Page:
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'Significant risk to public safety': Warnings and desperation in weeks before B.C. heat dome tragedy

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A trove of internal documents from B.C.'s biggest 911 dispatch service revealed senior executives tried to raise the alarm about paramedic shortages ahead of this summer's deadly heat dome.

A freedom of information request from the BC Liberals unearthed the emails, which range from early June to early July and include discussions between executives and senior leadership at E-Comm 911 who discussed critical staffing shortages at the B.C. Emergency Health Services that were impacting their own operations.

"(B.C. Ambulance Service) is compromising public safety overall by negatively impacting 911 call answer ability due to delays with BCAS call answer," wrote Suzanne Halliday, executive director of data, analytics and decision support on June 3.

The sentiment and warnings are echoed and then intensified after the heat dome began smothering British Columbia in record-breaking temperatures, with nearly 600 people dying as a result.

“Since our last update to the board during Thursday’s meeting, the significant risk to public safety posed by call-answer delays in transferring 911 calls for the ambulance service to BCEHS, has significantly worsened,” wrote Oliver Grüter-Andrew, president and CEO of E-Comm 911 to the board of directors on June 29, after the heat dome was in full swing. "At the very busiest moments of the day, BCEHS’ ability to accept our calls is being fully exhausted.”

The next day, one executive raised the possibility of holding a press conference to get the government’s attention to staff the ambulance service to levels that could meet demand that had been steadily increasing for many months.


As the temperatures were subsiding, CTV News asked one of the top executives at the ambulance service why they hadn’t escalated their internal response to the heat dome until days after it started and regional health authorities had issued a warning and level of alarm due to the incoming temperatures.

“Everything we could do, we did. We had the powers and the support we needed to do everything in our power and I think it’s just important to note these are unprecedented times,” said BCEHS chief operating officer Darlene Mackinnon on July 2. She could not explain why they didn’t staff up until after mass casualties had been logged for several days.

Similarly, when grilled by the official opposition on Tuesday, the health minister had no explanation as to why the warnings of the 911 dispatch service had evidently gone unheeded.

“This government had a warning and the time period that the emails reference were 12 months where call volumes were increasing at unprecedented rates,” said Liberal leader Shirley Bond. “The emails obtained under FOI make it clear that the crisis in 911 dispatch and the ambulance services were ignored by the government in the months leading up to the heat wave.”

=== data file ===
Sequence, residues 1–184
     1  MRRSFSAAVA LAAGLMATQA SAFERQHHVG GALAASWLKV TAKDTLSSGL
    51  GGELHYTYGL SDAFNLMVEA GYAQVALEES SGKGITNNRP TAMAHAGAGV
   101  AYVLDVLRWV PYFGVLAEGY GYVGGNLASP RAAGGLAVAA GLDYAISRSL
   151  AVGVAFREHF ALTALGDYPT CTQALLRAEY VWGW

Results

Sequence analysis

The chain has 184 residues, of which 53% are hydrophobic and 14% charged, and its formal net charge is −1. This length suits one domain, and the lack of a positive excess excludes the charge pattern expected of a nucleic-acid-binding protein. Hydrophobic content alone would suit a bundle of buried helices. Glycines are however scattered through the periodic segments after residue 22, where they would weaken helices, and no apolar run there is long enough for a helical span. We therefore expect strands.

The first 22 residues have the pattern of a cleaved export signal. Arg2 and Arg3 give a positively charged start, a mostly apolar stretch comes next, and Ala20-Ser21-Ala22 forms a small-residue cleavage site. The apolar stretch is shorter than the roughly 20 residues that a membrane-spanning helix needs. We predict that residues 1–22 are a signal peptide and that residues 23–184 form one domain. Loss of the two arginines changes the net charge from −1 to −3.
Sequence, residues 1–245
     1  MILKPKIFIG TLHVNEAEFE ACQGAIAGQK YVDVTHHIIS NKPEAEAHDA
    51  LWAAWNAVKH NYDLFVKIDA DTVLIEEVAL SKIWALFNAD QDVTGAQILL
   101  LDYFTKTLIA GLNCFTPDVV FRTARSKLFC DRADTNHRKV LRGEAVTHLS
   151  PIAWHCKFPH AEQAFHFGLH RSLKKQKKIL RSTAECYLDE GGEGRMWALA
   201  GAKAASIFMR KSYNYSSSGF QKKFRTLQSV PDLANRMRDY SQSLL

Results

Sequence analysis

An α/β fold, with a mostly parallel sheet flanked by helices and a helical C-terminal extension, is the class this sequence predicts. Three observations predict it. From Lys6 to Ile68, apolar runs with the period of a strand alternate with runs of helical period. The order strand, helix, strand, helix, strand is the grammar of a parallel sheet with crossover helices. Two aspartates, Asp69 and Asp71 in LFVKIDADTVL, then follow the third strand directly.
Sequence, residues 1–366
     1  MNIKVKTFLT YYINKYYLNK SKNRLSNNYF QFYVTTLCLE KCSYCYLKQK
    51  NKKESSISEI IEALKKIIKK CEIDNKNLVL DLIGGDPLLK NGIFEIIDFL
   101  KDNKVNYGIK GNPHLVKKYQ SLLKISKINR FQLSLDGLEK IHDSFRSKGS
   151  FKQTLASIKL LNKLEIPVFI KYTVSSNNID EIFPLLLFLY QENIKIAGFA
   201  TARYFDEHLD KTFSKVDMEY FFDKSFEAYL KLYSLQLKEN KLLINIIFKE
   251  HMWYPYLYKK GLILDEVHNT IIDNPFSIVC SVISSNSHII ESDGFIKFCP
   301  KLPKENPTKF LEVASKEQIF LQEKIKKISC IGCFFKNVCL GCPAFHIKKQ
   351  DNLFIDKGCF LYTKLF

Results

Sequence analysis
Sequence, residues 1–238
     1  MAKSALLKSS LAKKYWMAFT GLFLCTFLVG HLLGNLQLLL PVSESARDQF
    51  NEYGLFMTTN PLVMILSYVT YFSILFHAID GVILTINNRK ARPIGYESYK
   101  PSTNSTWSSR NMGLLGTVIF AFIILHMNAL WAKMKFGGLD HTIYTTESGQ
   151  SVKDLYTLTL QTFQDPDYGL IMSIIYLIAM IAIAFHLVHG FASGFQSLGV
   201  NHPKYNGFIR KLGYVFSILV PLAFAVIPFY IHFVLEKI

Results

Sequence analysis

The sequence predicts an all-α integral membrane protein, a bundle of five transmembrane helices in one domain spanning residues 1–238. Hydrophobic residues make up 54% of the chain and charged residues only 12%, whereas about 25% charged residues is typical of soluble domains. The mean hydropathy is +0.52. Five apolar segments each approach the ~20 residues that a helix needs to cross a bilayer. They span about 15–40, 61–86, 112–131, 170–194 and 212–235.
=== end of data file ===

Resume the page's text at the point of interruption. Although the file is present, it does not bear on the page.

She posed the questions to the premier, but it was the health minister who responded to questioning on the matter, pointing out there were record-breaking call volumes that week during an unprecedented heat event, reiterating investments the New Democrats have made since coming into power.

"There are extraordinary challenges facing our ambulance system and health-care system today because of two public health emergencies and we're responding with more resources, more ambulance paramedics, more ambulances, more air ambulances and more dispatchers," said Adrian Dix in the legislature. “We responded by significantly increasing resources to the ambulance service in 2018, in 2019, in 2020 and now in 2021 to deal with the situation we dealt with at those times and to see a significant increase in service."

In British Columbia, most 911 calls go to centralized call centres operated by E-Comm 911, where a dispatcher sends the call to the appropriate agency (police, fire or ambulance). Long delays on hold waiting for an operator to pick up are blamed on BCEHS, which has acknowledged a shortage of ambulance paramedics and dispatchers combined with a surge in call volumes that has resulted in long delays.


The premier came under blistering criticism for dismissive comments he made about heat dome fatalities, later apologizing for his remarks, but the opposition revealed that some of the most dire warnings came on the very day John Horgan made those remarks.

“These FOI documents show deep concern,” said Liberal MLA Karin Kirkpatrick in the legislature, pointing to Gruter-Andrew’s dire warnings of crippling staffing shortages impacting public safety on June 30. “This was the very day the premier was giddy and said fatalities were 'part of life,’ and ‘People need to take personal responsibility.’"

Horgan walked back those remarks later that day on social media, and a week later he admitted he was “giddy” to announce the lifting of multiple pandemic restrictions as part of B.C.’s summer reopening plan.

The same day he acknowledged his government was distracted by loosening pandemic restrictions as opposed to warnings from health agencies and meteorologists, the provincial health officer acknowledged the typical response to a very atypical weather event was “not sufficient." The public safety minister held a press conference outlining the risks and measures undertaken to minimize further heat-related deaths after the temperatures had begun subsiding and the “mass casualties” had ended.

British Columbia recorded roughly triple the deaths of Oregon and Washington state, which saw similar conditions and temperatures from the same heat dome phenomenon. Top Stories

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